- Malala Fund Champions continue to call on the government to publicly support the mainstreaming and implementation of the Safe School Declaration
- This is as a result of the growing security threats to education in Nigeria by criminal elements across the country
- Malala Fund is also advocating for resources and policy changes needed to give all girls quality education
The workshop aimed at enhancing girls’ advocacy capacity on socio-cultural issues affecting girls in Nigeria, held in Abuja on Saturday, October 9 to Monday, October 11, in commemoration of the 2021 International Day of the Girl.
With the theme, Advocating for Safer Schools for Girls, the workshop featured crash courses in creative writing, storytelling, media campaigning, social influencing, school safety, and other skills for impact-driven advocacy for the girl-child.
Legit.ng gathered that a key moment of the workshop was the creation and presentation of the girls’ safe school declaration by the participants to Nigeria's vice president, Professor Yemi Osinbajo and other government officials.
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The girls’-led declaration contains concerns and demand for safer schools for girls across Nigeria, ahead of the Safe School Declaration Conference in Abuja, 25 - 27 October.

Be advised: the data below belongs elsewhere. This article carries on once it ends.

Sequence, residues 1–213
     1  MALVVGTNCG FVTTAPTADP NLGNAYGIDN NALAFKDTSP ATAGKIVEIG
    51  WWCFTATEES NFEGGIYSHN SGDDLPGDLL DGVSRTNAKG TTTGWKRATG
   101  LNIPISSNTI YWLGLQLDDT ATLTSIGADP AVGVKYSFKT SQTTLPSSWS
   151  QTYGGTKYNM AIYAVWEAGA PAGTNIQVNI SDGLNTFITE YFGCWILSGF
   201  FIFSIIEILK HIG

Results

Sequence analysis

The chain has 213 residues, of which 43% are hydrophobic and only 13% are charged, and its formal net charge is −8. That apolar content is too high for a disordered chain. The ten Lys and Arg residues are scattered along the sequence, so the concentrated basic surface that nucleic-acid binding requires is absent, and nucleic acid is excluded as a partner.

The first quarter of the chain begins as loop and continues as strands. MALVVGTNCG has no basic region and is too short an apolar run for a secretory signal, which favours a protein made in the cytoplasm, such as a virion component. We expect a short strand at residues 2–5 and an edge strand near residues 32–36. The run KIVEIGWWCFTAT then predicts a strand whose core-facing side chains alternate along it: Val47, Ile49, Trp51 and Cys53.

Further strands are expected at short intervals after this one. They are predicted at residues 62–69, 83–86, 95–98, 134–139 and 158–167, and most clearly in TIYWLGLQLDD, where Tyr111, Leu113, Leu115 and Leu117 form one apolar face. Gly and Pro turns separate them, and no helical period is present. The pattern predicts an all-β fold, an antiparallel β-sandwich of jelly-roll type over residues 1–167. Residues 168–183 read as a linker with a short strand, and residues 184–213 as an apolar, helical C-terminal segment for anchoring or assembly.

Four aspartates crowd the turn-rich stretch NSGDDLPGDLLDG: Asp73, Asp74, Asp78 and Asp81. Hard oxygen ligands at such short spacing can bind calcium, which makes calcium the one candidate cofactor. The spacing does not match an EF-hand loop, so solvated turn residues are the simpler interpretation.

Responding to girls’ demands for safer schools, Osinbajo reiterated the Nigerian government’s commitment to delivering free, safe and quality basic education.
The vice president who was represented by Dr. Fatima Waziri, Director-General, National Agency for the Prohibition of Trafficking in Persons (NAPTIP), said:
“Government is here to support the girl child in every way it can. COVID-19 reinforced many gaps in education and made it difficult for many children, especially girls, to access healthcare and education.”
Crystal Ikanih-Musa, Malala Fund Country Representative, at the opening session of the workshop, said:
“Empowering girls to learn and lead is at the core of our work. We believe that when girls learn, they thrive and communities develop. This is why we have organised this workshop to interact with girl advocates, hear their concerns, and amplify their voices as well as upskill them to do more for their communities.”
Damilola Agbaosi, a participant said:
“The workshop has exposed me to new ideas and tools for advocacy. I am more confident about helping other girls achieve their dreams. With these new skills, I will tell better stories about girls’ education rights, gender-based violence, and safety for girls.”
Malala Fund report on distant-learning measures for girls in Nigeria
Recall that Malala Fund Education Champions in Nigeria, launched a report, Girls' Education and COVID-19 in Nigeria, late last year.
The report revealed new data that girls in Nigeria faced distinct gendered impacts during the pandemic, with over 50% of girls receiving no help to continue education during school closures.
The report - which analyses survey data collected from 2,253 respondents in Kaduna state - documented a widening gap for girls' learning access during the COVID-19 lockdown.